Institutional investors, such as pension funds or college endowments, have large portfolios that seek diversified but stable returns. The problem with getting these potentially cheap investors is that they are not interested in returns based on tax incentives or small investments. They want to invest in solar “securities”: multi-million dollar pools of solar loans and leases with a similar risk profile. This also developed slowly. So far, third-party financier SolarCity has the only home solar asset that has been securitized.
“Consolidated solar securitizations have largely been delayed due to a lack of standardized documentation and difficulties in analyzing the creditworthiness of a diverse group of developers,” the sources said.
Additionally, the focus on tax equity financing to take advantage of the federal tax credit has diverted attention away from cheap financing from solar equity investors.
Let’s look at the tension between cheap financing and tax incentives through the lens of a 5 kilowatt home solar project. This residential project in Tucson, AZ can be installed for $3.40 per watt. With 10-year debt/equity financing at 10% cost of debt/equity to access the 30% federal tax credit, the cost of solar electricity is 11.8¢ per kilowatt hour. With the tax break, but with 5% financing for 20 years (lower monthly payments chosen), the cost of solar is only 2.5% higher, at 12.1¢.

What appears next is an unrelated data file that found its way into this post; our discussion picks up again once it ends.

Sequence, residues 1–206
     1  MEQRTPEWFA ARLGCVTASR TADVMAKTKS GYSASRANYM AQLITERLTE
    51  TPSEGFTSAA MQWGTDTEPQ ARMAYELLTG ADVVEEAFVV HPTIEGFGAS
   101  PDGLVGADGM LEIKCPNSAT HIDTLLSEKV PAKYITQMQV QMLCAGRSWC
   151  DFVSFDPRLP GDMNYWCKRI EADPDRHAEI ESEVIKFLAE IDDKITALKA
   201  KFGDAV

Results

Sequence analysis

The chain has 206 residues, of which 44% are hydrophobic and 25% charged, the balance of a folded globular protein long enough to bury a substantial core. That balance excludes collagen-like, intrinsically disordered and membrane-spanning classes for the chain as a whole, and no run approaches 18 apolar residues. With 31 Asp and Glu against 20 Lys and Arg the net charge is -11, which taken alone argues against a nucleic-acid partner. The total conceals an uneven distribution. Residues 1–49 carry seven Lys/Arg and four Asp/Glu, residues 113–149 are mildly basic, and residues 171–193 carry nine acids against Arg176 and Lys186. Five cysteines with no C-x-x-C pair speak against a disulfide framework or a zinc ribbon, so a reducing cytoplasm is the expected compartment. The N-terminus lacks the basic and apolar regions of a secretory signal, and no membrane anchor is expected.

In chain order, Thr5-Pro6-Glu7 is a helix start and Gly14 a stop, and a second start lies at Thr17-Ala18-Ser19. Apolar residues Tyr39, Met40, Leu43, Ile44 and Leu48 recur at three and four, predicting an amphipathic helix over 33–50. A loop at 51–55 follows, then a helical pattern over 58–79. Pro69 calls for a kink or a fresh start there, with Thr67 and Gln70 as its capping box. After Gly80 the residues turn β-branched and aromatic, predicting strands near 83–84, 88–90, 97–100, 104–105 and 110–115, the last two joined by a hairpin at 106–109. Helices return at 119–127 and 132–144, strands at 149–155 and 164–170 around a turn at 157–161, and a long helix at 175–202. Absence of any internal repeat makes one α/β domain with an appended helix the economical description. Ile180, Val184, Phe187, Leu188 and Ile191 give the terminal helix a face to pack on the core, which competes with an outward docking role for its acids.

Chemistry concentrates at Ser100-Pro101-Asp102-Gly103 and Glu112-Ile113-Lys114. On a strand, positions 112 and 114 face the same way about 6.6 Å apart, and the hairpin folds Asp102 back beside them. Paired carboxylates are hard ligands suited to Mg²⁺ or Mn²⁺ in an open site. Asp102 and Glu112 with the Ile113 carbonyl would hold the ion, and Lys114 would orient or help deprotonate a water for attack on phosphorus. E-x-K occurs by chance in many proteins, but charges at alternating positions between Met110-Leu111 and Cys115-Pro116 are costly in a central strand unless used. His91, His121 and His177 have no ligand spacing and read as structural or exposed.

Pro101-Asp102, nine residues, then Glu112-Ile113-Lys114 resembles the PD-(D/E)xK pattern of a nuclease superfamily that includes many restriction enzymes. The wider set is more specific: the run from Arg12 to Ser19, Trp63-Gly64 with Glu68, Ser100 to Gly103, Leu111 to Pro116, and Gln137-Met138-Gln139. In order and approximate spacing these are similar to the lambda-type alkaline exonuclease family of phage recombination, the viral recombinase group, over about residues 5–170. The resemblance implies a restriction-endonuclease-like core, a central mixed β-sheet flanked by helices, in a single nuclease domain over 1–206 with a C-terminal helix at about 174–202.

Additionally, if the availability of cheap long-term financing (and the lack of tax credit issues) allows more residential and commercial electricity customers to install solar as their own owners instead of using third-party setups, the slightly higher cost will be more than offset. savings in the elimination of intermediaries. Here is an update of the graph comparing ownership to PPA from earlier, now populated with cost data from